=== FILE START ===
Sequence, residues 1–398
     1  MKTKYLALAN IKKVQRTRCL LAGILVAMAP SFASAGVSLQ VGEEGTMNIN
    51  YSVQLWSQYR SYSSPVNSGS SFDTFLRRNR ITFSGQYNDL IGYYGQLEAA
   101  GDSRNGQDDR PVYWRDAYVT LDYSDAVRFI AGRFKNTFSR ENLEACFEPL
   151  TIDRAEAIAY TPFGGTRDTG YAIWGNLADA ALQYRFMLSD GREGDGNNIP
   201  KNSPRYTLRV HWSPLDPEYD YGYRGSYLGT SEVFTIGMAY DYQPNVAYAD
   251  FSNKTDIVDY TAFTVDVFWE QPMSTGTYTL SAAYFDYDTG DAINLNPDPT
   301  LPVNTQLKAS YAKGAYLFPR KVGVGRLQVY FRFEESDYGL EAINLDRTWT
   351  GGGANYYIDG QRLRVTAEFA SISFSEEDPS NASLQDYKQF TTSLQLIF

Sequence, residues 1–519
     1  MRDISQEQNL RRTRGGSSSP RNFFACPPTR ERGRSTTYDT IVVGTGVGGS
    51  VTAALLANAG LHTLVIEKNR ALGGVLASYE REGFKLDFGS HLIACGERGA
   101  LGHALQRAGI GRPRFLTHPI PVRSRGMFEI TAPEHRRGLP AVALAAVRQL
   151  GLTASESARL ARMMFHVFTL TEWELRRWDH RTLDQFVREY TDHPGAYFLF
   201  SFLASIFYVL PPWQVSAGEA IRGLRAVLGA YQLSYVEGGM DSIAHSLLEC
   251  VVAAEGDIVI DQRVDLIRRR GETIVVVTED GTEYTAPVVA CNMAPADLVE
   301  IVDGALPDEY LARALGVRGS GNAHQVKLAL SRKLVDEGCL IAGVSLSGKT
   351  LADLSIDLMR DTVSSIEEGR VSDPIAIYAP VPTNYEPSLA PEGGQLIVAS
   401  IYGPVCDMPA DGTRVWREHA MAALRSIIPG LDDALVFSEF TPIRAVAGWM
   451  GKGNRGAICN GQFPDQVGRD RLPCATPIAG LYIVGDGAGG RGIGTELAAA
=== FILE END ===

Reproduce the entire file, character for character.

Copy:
Sequence, residues 1–398
     1  MKTKYLALAN IKKVQRTRCL LAGILVAMAP SFASAGVSLQ VGEEGTMNIN
    51  YSVQLWSQYR SYSSPVNSGS SFDTFLRRNR ITFSGQYNDL IGYYGQLEAA
   101  GDSRNGQDDR PVYWRDAYVT LDYSDAVRFI AGRFKNTFSR ENLEACFEPL
   151  TIDRAEAIAY TPFGGTRDTG YAIWGNLADA ALQYRFMLSD GREGDGNNIP
   201  KNSPRYTLRV HWSPLDPEYD YGYRGSYLGT SEVFTIGMAY DYQPNVAYAD
   251  FSNKTDIVDY TAFTVDVFWE QPMSTGTYTL SAAYFDYDTG DAINLNPDPT
   301  LPVNTQLKAS YAKGAYLFPR KVGVGRLQVY FRFEESDYGL EAINLDRTWT
   351  GGGANYYIDG QRLRVTAEFA SISFSEEDPS NASLQDYKQF TTSLQLIF

Sequence, residues 1–519
     1  MRDISQEQNL RRTRGGSSSP RNFFACPPTR ERGRSTTYDT IVVGTGVGGS
    51  VTAALLANAG LHTLVIEKNR ALGGVLASYE REGFKLDFGS HLIACGERGA
   101  LGHALQRAGI GRPRFLTHPI PVRSRGMFEI TAPEHRRGLP AVALAAVRQL
   151  GLTASESARL ARMMFHVFTL TEWELRRWDH RTLDQFVREY TDHPGAYFLF
   201  SFLASIFYVL PPWQVSAGEA IRGLRAVLGA YQLSYVEGGM DSIAHSLLEC
   251  VVAAEGDIVI DQRVDLIRRR GETIVVVTED GTEYTAPVVA CNMAPADLVE
   301  IVDGALPDEY LARALGVRGS GNAHQVKLAL SRKLVDEGCL IAGVSLSGKT
   351  LADLSIDLMR DTVSSIEEGR VSDPIAIYAP VPTNYEPSLA PEGGQLIVAS
   401  IYGPVCDMPA DGTRVWREHA MAALRSIIPG LDDALVFSEF TPIRAVAGWM
   451  GKGNRGAICN GQFPDQVGRD RLPCATPIAG LYIVGDGAGG RGIGTELAAA